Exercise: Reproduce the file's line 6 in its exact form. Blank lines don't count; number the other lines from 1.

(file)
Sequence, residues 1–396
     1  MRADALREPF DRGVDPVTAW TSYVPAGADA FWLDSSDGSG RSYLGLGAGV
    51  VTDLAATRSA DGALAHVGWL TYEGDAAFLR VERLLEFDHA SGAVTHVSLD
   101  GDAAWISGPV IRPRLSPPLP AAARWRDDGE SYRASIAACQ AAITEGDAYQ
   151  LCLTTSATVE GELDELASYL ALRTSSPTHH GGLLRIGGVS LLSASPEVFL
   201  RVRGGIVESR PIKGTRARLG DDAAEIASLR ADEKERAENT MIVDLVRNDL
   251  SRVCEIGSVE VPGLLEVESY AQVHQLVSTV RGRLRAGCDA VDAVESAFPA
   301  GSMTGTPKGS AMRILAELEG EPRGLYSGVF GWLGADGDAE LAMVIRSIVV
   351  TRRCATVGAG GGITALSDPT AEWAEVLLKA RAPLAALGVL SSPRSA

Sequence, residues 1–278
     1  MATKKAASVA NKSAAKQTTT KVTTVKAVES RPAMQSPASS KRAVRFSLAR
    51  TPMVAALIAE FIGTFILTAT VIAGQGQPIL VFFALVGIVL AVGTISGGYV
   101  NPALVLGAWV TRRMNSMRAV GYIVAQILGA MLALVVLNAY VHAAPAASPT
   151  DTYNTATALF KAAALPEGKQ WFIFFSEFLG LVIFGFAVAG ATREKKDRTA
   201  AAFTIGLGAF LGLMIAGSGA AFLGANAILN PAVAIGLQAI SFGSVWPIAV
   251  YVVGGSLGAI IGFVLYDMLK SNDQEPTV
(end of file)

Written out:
   201  RVRGGIVESR PIKGTRARLG DDAAEIASLR ADEKERAENT MIVDLVRNDL